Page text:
An early spring green-up may have allowed you to shorten hay feeding season by a few weeks or a month. The downside for cattlemen, however, is that insects also got an early jump on spring.
“This is one of the earliest springs we’ve seen in a long time,” said Gus Lorenz, extension entomologist for the University of Arkansas System Division of Agriculture. “The warmer-than-normal temperatures have allowed insects to get an early start this year. They’re developing at a faster-than-normal rate.”
For cattlemen, the biggest pest so far has been ticks. Oklahoma State University extension entomologist Justin Talley says adequate rainfall and warm temperatures in Oklahoma have been ideal conditions for ticks.
Two species of ticks are of primary concern for cattlemen. “The Gulf Coast ticks are the ones that invade the ears of cattle,” Talley says. “Lone Star ticks will be found on other areas of the animal, such as the brisket, legs or under the tail. Both species require warmth and humidity when they are off the animal, so this spring has been ideal for them.”
Last summer’s historic drought and hot weather limited tick problems, Talley says, because the ticks need humidity and forage to lay their eggs.
Talley recommends cattlemen watch cattle for heavy tick burdens, and spray the animals as necessary. He also recommends rotating cattle out of tick-prone pastures until later in the grazing season.
“Pastures that join a wooded area or a creek will have the highest tick populations,” Talley said. “Grazing pastures away from such areas early in the season – if possible – will help limit tick problems.”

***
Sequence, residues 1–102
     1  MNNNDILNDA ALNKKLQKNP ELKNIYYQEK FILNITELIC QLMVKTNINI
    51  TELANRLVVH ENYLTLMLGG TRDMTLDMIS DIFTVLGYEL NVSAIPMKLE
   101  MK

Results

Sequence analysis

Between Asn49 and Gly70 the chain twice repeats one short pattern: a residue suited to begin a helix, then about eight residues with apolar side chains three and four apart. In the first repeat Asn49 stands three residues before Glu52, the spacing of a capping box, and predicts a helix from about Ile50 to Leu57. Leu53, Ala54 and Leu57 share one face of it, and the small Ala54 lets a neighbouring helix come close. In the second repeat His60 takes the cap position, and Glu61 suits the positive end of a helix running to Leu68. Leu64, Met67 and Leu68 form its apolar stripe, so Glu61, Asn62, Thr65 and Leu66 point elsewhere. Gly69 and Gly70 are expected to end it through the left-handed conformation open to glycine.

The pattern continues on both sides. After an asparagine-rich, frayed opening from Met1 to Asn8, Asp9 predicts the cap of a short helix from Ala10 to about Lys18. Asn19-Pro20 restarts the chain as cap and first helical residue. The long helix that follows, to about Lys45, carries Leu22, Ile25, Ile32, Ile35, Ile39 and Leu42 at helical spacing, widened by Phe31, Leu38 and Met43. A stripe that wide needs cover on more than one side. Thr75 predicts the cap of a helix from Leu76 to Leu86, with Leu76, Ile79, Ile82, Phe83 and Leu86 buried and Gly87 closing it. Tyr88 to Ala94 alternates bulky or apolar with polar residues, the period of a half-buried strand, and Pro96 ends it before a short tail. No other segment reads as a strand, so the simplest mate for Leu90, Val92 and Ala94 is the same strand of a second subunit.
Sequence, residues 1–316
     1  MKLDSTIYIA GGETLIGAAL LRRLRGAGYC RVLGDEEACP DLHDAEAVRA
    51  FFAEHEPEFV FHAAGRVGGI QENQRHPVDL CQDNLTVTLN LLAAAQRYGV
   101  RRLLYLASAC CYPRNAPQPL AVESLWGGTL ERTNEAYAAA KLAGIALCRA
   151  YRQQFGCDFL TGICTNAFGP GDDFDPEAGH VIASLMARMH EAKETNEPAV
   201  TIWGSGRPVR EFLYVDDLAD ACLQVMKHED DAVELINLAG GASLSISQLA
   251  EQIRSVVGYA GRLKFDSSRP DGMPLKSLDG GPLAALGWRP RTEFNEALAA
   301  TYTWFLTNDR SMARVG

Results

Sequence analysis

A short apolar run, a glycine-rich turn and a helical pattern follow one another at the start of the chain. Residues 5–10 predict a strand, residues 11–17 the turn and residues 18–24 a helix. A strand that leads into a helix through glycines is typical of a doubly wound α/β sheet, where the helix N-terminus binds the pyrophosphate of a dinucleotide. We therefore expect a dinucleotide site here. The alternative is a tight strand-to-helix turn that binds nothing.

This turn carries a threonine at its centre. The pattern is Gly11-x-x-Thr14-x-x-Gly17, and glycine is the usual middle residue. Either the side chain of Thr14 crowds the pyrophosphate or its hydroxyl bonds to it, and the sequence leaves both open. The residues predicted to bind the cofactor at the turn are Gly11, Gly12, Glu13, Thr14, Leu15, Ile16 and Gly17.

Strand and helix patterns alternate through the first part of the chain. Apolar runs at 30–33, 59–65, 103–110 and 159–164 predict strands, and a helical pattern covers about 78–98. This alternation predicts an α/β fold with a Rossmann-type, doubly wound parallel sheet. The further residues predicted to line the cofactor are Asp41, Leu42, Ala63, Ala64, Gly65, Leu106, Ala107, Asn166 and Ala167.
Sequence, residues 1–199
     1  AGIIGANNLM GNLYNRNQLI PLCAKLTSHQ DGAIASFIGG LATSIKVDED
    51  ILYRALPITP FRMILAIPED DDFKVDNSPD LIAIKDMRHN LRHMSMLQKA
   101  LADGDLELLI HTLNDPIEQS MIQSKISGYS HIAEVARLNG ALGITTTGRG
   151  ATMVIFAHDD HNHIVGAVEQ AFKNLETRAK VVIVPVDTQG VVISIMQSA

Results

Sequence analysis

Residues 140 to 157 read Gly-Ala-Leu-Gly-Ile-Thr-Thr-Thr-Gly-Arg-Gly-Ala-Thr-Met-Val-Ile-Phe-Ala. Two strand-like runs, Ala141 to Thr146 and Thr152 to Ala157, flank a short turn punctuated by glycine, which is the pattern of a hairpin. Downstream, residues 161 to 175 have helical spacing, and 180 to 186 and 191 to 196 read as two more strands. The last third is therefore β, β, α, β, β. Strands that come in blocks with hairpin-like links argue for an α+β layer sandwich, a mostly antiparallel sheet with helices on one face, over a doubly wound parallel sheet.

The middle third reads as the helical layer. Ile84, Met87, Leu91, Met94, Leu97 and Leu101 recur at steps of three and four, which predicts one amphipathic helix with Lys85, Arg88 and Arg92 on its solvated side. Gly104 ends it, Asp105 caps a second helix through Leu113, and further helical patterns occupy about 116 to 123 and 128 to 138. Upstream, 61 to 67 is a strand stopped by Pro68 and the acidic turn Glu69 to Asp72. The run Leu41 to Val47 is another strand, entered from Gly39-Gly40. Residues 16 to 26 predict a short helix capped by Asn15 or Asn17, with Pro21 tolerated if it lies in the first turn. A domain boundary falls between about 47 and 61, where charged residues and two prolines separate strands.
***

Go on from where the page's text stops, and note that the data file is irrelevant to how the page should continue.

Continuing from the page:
Talley said cattlemen are also reporting much earlier than normal horn fly problems. “We saw horn flies in late March,” he said. “Horn flies are not usually a problem until May. Temperatures in the 70s during the day and in the 50s at night will bring out the horn flies.”
(Talley provides additional information about insects for livestock producers at: livestockbugs.okstate.edu.)
Horn flies are known as one of the most economically damaging pests to cattle, and Talley said cattlemen should be prepared to begin treatments earlier this year.
“Research has shown that horn flies can reduce weight gains by 1.5 pounds per week,” Talley says. “With cattle at today’s prices that makes horn fly treatment economically important.”
Entomologists suggest that humans are also likely to experience an increase in insect pest problems this year. Mosquitoes, for instance, are getting an early jump on the season, and with a longer season their numbers could increase. Mosquitoes, however, are dependant on standing water for breeding so dry conditions could limit mosquito populations later in the season.
“We will have an explosive season for mosquitoes,” Caroline Chaboo, an assistant professor of ecology and evolutionary biology at the University of Kansas told the Kansas City Star. “There will be many more chiggers and mites for people who are hiking outdoors.”